If Hamas ruler Yahya Sinwar had learned methodological individualism, things would be different. He might have been tempted by a broader individualist philosophy and might have treated “his” people in Gaza better, including by not using them as human shields and not spending public money on tunnels. But even if he had only known methodological individualism, his life might not be on the line right now. That’s what we can deduce from a Wall Street Journal story that reports on Sinwar’s thinking (“Hamas leader Yahya Sinwar Who Studied Israel’s Psyche—and Is Betting His Life on What He Learned,” December 10, 2023). Not quoting him directly alas, the report says:

Now … the Hamas leader is betting he can force the release of thousands of Palestinian prisoners and establish a permanent cease-fire. He’s relying on his judgment of Israeli society after two decades studying it in jail, learning Hebrew, watching the local news and getting inside the Israeli psyche.

There is no such thing as the “Israeli psyche,” so Sinwar must have read the wrong books or have read no books at all. Or perhaps it is the WSJ reporter who read the wrong books and put his words in Sinwar’s mouth—or, should I say, in Sinwar’s collective mouth. Israel is not a living organism with a brain of its own. Organicist and anthropomorphist beliefs about society have led to errors, tyranny, and tragedies (see a few examples in my “The Impossibility of Populism,” The Independent Review, Summer 2021).

Methodological individualism, the opposite of methodological holism, is a social-epistemological claim that society can only be understood by starting from the thoughts and actions of the individuals who compose it. Individuals and their interrelations make up the whole of society. A simple proof is that if all individuals of a society died, there would be nothing left of that society–except history, including the history of ideas but these were the ideas of individual minds. On the contrary, if a society disappears—imagine that all Israelis leave Israel and join the Jewish diaspora around the world—its individuals will continue to exist. They might be or become members of some other “society” or community, including virtual ones, but their previous territorial society would no longer exist nor would any “collective mind” that could have been imagined in it. Another way to express this idea: a whole—including a social whole—is not greater than its parts if we include in it the relations between the parts.

Any social science worth its salt and any successful attempt at rational understanding of society have been grounded in methodological individualism, at least since Thomas Hobbes in the 17th century. Friedrich Hayek discusses methodological individualism in The Counter-Revolution of Science: Studies in the Abuse of Reason (1952), notably the first part. In his 1946 article “Individualism: True and False,” reproduced in his book Individualism and Economic Order (1948), he argues that methodological individualism does not necessarily imply an individualist political philosophy. At any event, the whole of economics and liberal political economy in Adam Smith’s tradition is grounded in methodological individualism.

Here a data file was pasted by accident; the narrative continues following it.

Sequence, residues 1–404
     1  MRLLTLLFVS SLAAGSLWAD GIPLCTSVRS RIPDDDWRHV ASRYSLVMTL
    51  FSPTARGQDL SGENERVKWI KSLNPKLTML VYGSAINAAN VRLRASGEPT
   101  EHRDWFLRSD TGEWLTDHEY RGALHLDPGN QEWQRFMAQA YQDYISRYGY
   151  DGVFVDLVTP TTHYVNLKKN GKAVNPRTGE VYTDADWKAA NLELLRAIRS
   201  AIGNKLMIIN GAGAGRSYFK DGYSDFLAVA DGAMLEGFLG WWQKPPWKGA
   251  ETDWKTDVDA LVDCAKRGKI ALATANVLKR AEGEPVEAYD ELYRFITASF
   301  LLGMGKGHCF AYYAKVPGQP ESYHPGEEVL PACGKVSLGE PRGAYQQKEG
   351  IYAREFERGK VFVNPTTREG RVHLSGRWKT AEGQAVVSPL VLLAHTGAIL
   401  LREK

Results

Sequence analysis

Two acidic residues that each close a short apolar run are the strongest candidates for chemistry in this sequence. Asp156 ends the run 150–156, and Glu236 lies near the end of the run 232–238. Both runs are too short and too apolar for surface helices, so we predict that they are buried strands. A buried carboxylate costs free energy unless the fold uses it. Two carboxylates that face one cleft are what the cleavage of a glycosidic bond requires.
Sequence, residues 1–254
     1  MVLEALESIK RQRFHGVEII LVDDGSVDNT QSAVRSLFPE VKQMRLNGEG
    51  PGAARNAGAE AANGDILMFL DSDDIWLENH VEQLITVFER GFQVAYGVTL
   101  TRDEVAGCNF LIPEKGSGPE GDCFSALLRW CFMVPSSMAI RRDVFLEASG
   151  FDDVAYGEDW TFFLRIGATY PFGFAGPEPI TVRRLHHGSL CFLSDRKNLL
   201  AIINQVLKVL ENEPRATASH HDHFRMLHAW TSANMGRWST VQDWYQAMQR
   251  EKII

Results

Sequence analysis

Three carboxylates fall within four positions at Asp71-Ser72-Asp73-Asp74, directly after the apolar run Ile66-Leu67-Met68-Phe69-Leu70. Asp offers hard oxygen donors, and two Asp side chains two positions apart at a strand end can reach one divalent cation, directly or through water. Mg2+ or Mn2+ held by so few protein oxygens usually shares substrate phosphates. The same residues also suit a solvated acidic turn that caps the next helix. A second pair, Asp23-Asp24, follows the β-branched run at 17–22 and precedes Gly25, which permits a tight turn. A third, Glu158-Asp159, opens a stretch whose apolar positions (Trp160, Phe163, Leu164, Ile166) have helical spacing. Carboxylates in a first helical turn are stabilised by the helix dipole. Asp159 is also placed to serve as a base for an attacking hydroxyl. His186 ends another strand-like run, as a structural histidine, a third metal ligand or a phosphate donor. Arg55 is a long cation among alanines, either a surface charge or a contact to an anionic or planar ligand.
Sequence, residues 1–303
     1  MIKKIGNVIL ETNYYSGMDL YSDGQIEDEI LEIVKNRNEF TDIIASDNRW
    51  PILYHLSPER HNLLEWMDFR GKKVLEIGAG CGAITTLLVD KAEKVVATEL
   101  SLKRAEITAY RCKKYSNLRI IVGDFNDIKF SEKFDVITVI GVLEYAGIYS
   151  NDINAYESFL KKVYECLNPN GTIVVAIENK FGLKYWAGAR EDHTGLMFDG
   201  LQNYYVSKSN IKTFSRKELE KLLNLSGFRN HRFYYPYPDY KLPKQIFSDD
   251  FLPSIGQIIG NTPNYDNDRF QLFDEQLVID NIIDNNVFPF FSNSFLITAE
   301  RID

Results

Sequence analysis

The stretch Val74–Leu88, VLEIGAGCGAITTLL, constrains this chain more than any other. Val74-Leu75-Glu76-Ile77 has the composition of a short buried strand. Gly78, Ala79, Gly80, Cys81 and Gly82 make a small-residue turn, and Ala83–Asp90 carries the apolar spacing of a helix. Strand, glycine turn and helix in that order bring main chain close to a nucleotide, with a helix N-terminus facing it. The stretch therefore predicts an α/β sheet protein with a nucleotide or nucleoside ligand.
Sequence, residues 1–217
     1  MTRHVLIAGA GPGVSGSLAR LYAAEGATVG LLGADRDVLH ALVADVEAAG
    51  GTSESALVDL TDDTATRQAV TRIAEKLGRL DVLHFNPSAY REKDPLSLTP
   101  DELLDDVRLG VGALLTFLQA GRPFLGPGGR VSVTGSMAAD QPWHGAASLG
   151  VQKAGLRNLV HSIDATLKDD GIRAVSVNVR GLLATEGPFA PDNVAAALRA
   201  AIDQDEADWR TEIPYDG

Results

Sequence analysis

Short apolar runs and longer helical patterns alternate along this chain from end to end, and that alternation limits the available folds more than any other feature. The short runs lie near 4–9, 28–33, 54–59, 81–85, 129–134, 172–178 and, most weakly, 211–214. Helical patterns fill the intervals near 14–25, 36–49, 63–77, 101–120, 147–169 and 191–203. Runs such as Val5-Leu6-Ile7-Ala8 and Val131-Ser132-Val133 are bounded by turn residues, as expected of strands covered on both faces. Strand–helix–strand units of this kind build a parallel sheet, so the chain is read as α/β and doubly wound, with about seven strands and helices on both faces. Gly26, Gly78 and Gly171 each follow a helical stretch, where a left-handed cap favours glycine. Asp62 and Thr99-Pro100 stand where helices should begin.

One can of course make errors while studying society under the lens of methodological individualism. Hobbes provides an example, as he believed that rational individuals would want to grant illimited power to the state. Methodological individualism is a necessary but not sufficient condition for understanding society (“society” including the economy and politics).

Methodological individualism is useful not only for understanding whole societies but also any social subgroup such as, say, a social class. The borders of societies and groups are somewhat arbitrary anyway. Karl Marx was so bad at understanding social classes and predicting the future of “the proletariat” precisely because he was a holist thinker and did not try to comprehend a social class from the bottom up, by starting from the subjective preferences and incentives of the individuals who compose this collective abstraction. Influences play a role, but they are influences from some individuals over others.

Even to understand military tactics, methodological individualism is necessary. In their article “An Economic Theory of Military Tactic: Methodological Individualism at War,” (Journal of Economic Behavior and Organization, Vol. 3 [1982], pp. 225-242), Geoffrey Brennan and Gordon Tullock notably wrote:

Armies must be analyzed as collections of independent individuals who are, in some sense, as much at war with one another and their own leaders as they are with enemy forces. …

The basic point here is that there may exist means of deploying forces, using terrain and so on–all standard parts or military strategy as conventionally conceived–that serve not so much to increase physical strength vis-à-vis one’s enemy as they do to circumvent the ‘free rider’ incentives within one’s own forces. …

It is an understanding that springs naturally from an individualistic approach to military science. And in our view, that individualistic approach is, here as elsewhere, the uniquely appropriate one for the study of human conduct.

It is a good article to familiarize oneself with the economic way of thinking, which is grounded in methodological individualism.